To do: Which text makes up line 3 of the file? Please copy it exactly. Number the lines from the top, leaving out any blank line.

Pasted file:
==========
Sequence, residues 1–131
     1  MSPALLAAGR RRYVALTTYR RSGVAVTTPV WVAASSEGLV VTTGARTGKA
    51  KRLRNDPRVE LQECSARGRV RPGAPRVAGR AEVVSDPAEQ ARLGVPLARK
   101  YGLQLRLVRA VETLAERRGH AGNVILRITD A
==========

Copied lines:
    51  KRLRNDPRVE LQECSARGRV RPGAPRVAGR AEVVSDPAEQ ARLGVPLARK